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Hi,

This is my first post on this forum i hope you can help me.

This June i will be crewing on a sailing boat headed out of New York for the Azores. We will be at sea for 20 days are so and i hope to do some fishing! I have not fished in any serious way before, only for mackrel of the back of my sailing dingy (with out much luck).

Can anyone offer any advice on what i could hope to catch and what kit i will need to use? i was hoping for dorado and maybe small tuna ? is this optomistic ? i expect the boat will be traveling too fast at 7 of 8 knots most of the time... but i hope to be becalmed for some fishing...

Many thanks
 

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Welcome to the forum.

Nice trip you have planned there, fishing in the open ocean is not brilliant, there is nothing to hold the food and attract the fish. You will be after the open ocean pelagic species as you say. Lures are your best bet but fitted on a leader of wire. Most of the speies will have a good set of teeth. Once you catch something you can use the scraps from it at bait. May be worth thinking about how you will get your catch aboard and have a plan ready.

Your best bet would be to check out a tackle shop in NY and let them guide you on the lures and tackle you will need, there are some Kona lures that work best at your anticipated speed. A hand line that you can set and leave over the stern would be best for you, a rod will get in the way of rigging, sails etc. If you ask for a release clip from the tackle shop you can rig it with a small flag to indicate when you get a bite. They look a bit like a technical clothes peg with an adjustable tensioner. A loop of line is clamped in the jaw with a scrap of material tied into the loop. When you get a bite you will hear and see the line released. That way the lure is fishing itself, it is usually a long time between fish.

If you see anything floating on your way over like a raft of weed it is worthwhile trying trying your lure next to it. Fish tend to use anything floating as cover and security, you can often entice something out.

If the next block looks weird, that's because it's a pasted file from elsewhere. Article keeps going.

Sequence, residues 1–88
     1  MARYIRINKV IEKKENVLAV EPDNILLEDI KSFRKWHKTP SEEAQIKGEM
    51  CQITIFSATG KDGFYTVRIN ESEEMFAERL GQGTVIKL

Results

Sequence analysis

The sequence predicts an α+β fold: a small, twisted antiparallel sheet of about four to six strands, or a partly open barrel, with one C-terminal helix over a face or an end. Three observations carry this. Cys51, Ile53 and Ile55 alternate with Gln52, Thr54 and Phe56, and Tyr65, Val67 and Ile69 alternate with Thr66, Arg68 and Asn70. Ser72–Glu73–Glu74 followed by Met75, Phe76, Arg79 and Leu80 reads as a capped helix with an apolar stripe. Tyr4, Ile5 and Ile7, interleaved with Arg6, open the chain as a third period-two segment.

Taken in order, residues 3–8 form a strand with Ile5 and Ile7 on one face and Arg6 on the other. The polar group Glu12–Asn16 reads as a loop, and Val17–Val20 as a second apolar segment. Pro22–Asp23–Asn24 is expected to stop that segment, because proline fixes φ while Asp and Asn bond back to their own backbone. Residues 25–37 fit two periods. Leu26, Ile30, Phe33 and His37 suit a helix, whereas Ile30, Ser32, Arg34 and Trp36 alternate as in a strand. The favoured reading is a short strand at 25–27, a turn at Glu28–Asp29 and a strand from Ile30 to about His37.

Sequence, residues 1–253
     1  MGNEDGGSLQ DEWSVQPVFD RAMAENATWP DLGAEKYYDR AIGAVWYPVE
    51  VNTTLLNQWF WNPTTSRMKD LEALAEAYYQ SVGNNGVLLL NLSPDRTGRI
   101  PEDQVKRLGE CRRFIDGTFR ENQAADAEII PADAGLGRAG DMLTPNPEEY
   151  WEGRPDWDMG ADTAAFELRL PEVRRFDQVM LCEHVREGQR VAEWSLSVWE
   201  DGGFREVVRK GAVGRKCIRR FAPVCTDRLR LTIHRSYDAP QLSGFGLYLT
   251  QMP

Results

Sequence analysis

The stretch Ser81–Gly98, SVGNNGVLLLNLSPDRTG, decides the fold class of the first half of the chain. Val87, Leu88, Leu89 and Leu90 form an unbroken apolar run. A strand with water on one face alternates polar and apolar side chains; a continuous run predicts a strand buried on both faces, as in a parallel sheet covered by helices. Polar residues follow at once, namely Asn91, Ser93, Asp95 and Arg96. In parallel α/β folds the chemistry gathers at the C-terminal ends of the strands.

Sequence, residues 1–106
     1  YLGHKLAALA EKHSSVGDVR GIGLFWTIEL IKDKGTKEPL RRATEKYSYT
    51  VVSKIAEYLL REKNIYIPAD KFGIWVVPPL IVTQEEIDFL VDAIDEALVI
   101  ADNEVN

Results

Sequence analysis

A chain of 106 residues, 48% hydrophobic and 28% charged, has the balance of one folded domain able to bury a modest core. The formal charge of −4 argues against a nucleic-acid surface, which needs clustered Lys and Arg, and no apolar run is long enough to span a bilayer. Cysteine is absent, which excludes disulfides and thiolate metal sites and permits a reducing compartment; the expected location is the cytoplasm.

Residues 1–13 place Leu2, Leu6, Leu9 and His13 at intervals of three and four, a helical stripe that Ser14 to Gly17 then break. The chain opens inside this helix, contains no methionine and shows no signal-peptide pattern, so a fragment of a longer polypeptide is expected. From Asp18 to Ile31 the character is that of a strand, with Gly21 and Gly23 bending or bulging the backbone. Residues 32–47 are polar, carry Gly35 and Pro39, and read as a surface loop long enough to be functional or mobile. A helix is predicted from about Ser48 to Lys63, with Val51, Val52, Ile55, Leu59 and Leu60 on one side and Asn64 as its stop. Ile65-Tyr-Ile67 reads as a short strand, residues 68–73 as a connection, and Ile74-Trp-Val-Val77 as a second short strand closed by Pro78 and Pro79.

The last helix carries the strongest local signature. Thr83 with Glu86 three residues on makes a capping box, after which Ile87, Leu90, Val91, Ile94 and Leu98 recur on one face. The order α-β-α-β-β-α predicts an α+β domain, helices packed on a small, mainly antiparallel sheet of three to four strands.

Wish I was coming with you. Good luck and a fare wind.

Let us know how it goes.
 

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Hi there Boatboyy,

There's plenty of fish you'll catch. We've sailed across the Atlantic a few times and always caught fish. Saves eating tinned stuff and nothing like fresh fish - sea to pan in ten minutes !!

The best lures are cheapies made from thin rubber gloves ie Marigolds etc. The best colour is green followed by the pink/red ones. Now I'll see if I can describe how to make:

Lay out glove like your hand and cut down between each finger and continue cut down thru palm of glove . You now have 4 fingers and a thumb seperated. Take an approx 8" length of single strand stiff stainless steel wire.

In one end make a loop by bending and twisting wire back on itself; having inserted a large swivel into that loop. Now the other end of the wire poke thru the finger point and down thru the hollow finger. Take a lead bullet 3oz approx and thread up the s/s wire so the bullet is fitting inside the finger tip. Now take two large s/s hooks and thread onto the s/s wire so the hook shanks are 'back to back'. Position the hooks so the points are just longer than the finished finger length. Bend the s/s wire into a loop holding the hooks and twist the wire back up on itself till it's tight against the bullet. This is essential as it holds the bullet in place. Now trim off any spare wire. Now trim off tail of finger/palm and cut up the side a few times about 1.5" to make a fringe like a squid. One lure made. You get ten from a pair of gloves - costing pennies!!! Gauranteed to catch fish !!!! Use with a supple s/s trace to another swivel.

If some of this description doesn't make sense - just ask and I'll try to clarify.